Wednesday, August 5, 2015

The Business of Writing: Being a Professional Writer #ASMSG #IARTG #MFRWOrg

Author Nikki Tysoe from London, UK
(c)2008 by Alan Moore, Wikimedia Commons.
Although the concept of the "lonely writer's garret" still carries a certain romantic flair, once a writer has transitioned into preparing to make money off his or her words, he or she becomes a professional writer. 

But what does that mean, exactly?

Writers being creative beings, this can mean a number of different things in terms of personal appearance, behavior, and habits. For the writer who wishes to be perceived as a professional, these aspects center upon various demonstrations of common courtesy... the exercise of which seems to be eroding in this day and age of Internet anonymity.

Yep, I have my "Mom hat" on again. Feel fortunate that I'm not into taking selfies, or you'd be treated to my "hairy eyeball" look too! :D

I can't say it any better than Nikki Woods did in this article published 8/4/15.

As a professional writer, you should always remain mindful of how you come across to your audience, not only in your books or articles but in everyday correspondence tasks. This applies (but is not limited) to email and "earthmail" interactions with:
  • Literary agents, editors, cover and interior-layout designers, promotional companies, accountants, and other service personnel, prospective as well as contracted.
  • Booksellers and other event organizers, both before the event as well as giving thanks afterward. In fact, expressing appreciation can be the fastest way to a return invitation.
  • Book bloggers and other reviewers, when asking for reviews as well as optionally expressing thanks for a helpful review; and never engage a reviewer if you are in any way dissatisfied with the review. I already covered that advice in this blog post, but IMO it cannot be emphasized enough. (Insert "hairy eyeball" selfie. Again.)
  • Your fans—and this goes double for anything written online, even in "private" messages. Since any site can be hacked or otherwise monitored, the best policy is to presume that nothing is truly private, and structure your interactions accordingly.
  • Anyone with whom you need to send followup correspondence.
  • Can you think of any sector I have missed? Please leave a comment letting me know which ones! :)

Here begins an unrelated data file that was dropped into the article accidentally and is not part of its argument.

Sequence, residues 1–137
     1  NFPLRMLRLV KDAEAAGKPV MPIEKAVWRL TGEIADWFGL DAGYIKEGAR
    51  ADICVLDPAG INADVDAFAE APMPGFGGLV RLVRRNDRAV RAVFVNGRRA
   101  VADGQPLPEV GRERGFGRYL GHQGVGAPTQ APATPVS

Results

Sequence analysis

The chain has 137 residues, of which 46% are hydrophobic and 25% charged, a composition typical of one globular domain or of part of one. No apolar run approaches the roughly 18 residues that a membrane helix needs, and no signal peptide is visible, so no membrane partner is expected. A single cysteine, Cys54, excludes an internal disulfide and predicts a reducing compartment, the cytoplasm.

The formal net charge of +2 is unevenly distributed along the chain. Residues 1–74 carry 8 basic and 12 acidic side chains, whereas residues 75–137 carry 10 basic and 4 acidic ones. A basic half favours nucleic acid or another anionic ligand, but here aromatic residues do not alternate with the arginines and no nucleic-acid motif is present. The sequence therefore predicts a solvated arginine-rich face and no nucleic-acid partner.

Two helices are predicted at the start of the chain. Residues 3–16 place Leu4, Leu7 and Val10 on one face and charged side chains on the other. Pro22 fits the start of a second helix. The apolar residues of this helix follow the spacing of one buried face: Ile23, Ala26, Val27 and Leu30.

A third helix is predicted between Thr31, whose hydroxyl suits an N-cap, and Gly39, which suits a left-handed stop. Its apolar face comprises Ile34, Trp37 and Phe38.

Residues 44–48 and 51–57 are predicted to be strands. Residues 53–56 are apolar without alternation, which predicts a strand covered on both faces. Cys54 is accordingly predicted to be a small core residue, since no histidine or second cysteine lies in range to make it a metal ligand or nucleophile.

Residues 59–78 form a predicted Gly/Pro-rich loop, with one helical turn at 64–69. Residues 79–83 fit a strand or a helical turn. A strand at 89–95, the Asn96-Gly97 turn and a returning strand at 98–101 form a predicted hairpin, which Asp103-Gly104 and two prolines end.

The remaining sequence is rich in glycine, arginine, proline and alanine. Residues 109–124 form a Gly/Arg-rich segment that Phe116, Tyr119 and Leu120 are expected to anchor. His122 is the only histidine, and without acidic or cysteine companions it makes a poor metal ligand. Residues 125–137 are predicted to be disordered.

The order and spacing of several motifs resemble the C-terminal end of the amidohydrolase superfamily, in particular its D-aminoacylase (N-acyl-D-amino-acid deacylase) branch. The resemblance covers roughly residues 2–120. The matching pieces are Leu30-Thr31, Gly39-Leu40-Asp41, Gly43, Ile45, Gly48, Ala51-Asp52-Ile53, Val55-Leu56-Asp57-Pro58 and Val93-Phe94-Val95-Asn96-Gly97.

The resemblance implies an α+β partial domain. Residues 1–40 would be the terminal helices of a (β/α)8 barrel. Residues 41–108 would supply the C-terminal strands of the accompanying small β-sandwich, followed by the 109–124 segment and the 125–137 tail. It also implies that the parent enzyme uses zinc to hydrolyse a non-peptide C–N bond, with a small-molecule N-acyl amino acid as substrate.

Now there's a loaded word! For journalists, deadlines are usually perceived as just a means of structuring one's workday. For everyone else, especially those of us who write book-length fiction or nonfiction, adhering to content delivery deadlines that are established by another party such as a publisher can be problematical at best. And yet delivering a completed manuscript on time will set you apart from the madding crowd of authors who play fast-and-loose with their time—and with their editor's or publisher's patience.

Public appearances offer a slew of opportunities to present yourself as a professional writer.
  • Online. I have already covered fan interactions; here I refer to things such as the random tweets, retweets, pictures, videos, and status updates that you choose to share to your sundry social media platforms. As you decide upon your online persona, make sure that it jives with what you write, for that persona will become a part of your author brand. And then tweet/retweet/share accordingly. For example, if you write Christian fiction, I would advise against saying anything in a tweet that you wouldn't say in church!
  • Book vending & signings at bookstores and conferences. Your in-person persona should also jive—or at least not conflict with what you write. On the other hand, if you write about serial killers, I strongly suggest that you do not act like one in public! (Unless it's a PR stunt for your book promotion, but still, I'd think twice about using that tactic. :D) You can get a lot of mileage from being courteous, respectful, and appreciative of customers, non-customers, and event hosts alike, regardless of what type of books you write.
  • Writers' conferences. If you're a member of the Romance Writers of America, I don't need to tell you how to present yourself as a professional in this type of venue. You know already—or you should. Although I haven't attended a RWA National convention since 2011, I can pretty much imagine what 2015's looked like: out of 2,000 attendees, 1,942 were power-suited women (whether publishers, editors, agents, or authors), 55 were similarly attired men, and the remaining three were newbie women authors who didn't receive the dress code memo, showed up in blue jeans, and missed the entire first day of panels shopping for an emergency power suit and accessories. Okay, I jest... but barely.

    The dress-code memos will, of course, vary by genre. At a typical World Fantasy Convention you'll see no shortage of suits, but very few of those will be draped over authors, who sport pretty much whatever tickles their fancy, short of character costumes. Although come to think of it, I haven't attended a WFC since the debut of the first edition of Dawnflight in 1999, so you tell me if character costumes are in vogue at these non-fan cons now!
  • The grocery store. The what? Yes, there is always the possibility that you could be recognized in a chance public encounter, so your appearance and behavior choices matter there too.
As I always told my kids as they were growing up, no one will ever fault you for being polite, gracious, appreciative, respectful, and kind. And the people you impress with your professionalism may just remember those choices and become extra supportive of you and your work!


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...and each action this month is good for one chance to win an e-book copy of Snow in July. Please enter often, and good luck!

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